Friends of Music Hall board president Peter Koenig with Executive Director Mindy Rosen
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What’s the Big Idea with Mindy Rosen?

Meet Friends of Music Hall’s Executive Director

by Annette Januzzi Wick,
Author, writer, Friends of Music Hall board member.

Mindy Rosen claims she doesn’t have one big idea in her new role as the Executive Director of the Friends of Music Hall. She has a lot of small ones.

The former executive, who once worked in the non-profit and community sectors in Los Angeles and Denver and recently was executive vice president and interim director of Cincinnati’s DCI, came prepared with talking points about her tenure, begun in December, 2019. Before we launched into a conversation about her work and vision, I asked Mindy a few informal questions.

What aspect of Cincinnati do you most identify with?

Mindy was raised in Los Angeles and went to college at Miami University.

”In L.A.,” she said, ”I developed a deep appreciation for the arts, for how serious they are about their offerings. In Cincinnati, I see that in our MusicNow festival—similar to L.A.’s Redcat avant-garde music festival (Redcat is an acronym for the Roy and Edna Disney CalArts Theatre). But Cincinnati has a world of arts offerings that keep me excited about the city.”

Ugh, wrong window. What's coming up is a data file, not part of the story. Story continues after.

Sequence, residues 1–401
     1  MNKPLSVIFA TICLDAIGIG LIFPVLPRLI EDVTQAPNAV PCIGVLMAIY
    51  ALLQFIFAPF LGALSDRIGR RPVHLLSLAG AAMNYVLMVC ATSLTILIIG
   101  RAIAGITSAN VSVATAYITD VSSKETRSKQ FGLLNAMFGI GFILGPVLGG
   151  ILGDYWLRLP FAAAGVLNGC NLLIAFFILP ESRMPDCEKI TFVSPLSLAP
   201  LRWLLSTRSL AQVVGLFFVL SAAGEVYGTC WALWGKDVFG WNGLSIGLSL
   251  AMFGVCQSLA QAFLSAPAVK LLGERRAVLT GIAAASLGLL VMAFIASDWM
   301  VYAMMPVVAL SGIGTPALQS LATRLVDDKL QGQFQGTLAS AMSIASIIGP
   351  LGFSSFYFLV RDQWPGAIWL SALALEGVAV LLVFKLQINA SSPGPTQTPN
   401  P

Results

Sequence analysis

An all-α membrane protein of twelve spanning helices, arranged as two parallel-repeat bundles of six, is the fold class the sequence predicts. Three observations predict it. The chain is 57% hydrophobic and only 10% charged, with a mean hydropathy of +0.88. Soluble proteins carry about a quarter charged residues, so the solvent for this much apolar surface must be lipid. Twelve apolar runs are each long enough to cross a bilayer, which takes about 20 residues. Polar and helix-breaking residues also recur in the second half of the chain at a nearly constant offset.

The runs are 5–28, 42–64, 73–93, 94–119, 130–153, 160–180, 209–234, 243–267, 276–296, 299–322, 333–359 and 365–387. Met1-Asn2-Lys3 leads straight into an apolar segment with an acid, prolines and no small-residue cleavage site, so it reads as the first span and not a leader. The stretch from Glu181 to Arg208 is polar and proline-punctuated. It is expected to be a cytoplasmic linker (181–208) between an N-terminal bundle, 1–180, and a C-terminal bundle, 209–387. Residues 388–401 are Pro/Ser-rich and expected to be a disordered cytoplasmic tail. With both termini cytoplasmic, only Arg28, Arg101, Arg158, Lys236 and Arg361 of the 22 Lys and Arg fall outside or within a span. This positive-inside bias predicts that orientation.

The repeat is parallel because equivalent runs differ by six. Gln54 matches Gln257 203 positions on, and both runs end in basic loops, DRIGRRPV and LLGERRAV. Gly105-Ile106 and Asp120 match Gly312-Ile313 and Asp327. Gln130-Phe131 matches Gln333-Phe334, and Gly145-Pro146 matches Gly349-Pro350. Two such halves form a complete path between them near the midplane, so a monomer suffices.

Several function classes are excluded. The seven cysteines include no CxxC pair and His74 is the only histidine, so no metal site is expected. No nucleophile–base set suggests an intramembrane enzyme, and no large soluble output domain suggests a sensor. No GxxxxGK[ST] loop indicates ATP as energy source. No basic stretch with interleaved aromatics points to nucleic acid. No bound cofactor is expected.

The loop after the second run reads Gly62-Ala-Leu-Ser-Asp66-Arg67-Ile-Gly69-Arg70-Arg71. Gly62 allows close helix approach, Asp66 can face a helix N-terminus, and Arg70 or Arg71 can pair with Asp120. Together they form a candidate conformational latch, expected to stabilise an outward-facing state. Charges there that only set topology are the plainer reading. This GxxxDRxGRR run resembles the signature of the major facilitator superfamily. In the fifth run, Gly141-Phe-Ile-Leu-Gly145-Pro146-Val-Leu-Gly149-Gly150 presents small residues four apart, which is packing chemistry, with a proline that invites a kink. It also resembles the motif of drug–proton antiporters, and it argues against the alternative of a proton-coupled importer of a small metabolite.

View of the Over-the-Rhine and Mt. Auburn neighborhoods from the Friends of Music Hall office
View of the Over-the-Rhine and Mt. Auburn neighborhoods from the Friends of Music Hall office

”And I love the beauty of Cincinnati. It’s stunning.” When I mention our fifty-two neighborhoods, Mindy replies, ”I love the fact we have 52 neighborhoods. I once lived in Clifton and when I moved to Denver, I had difficulty finding neighborhoods that resembled those here. They were less obvious, less defined.”

Now, each day she walks or takes the streetcar from the downtown apartment she shares with her husband, Steve, to Over-the-Rhine and takes up residence in the Friends of Music Hall’s upper floor office.

Mindy leans across the table. ”Do you know I have a window?” she asks. Her eyes sparkle as she discusses the structure of her day, arriving by eight a.m. and departing at five. ”That’s my style.” She often finds herself at meetings for coffee or lunch to solicit ideas and spend time in the community.

Cincinnati Music Hall's Grand Foyer, as seen from the balcony
Cincinnati Music Hall’s Grand Foyer, as seen from the balcony

When you walk in or through Music Hall, what element strikes you in the heart?

“Some would say the chandelier. But for me, looking down from the second-floor balcony onto the grand foyer, I love the patterns of the historic red slate and white marble floor coupled with the white columns. I used to sew a lot. I’m drawn to the patterns that one can perceive from that viewpoint.”

What are your first priorities as Executive Director? 

Mindy will apply her sewing background as she begins to meet with board members and the volunteer program guides who offer Friends of Music Hall’s popular historic walking tours and presentations. The group of guides is comprised mostly of retired teachers and historians who want to share their knowledge and passion with anyone who will listen.
Executive Director Mindy Rosen chats with Lynne Reckman at the Information Desk at Cincinnati Music Hall
Executive Director Mindy Rosen chats with Lynne Reckman at the Information Desk at Cincinnati Music Hall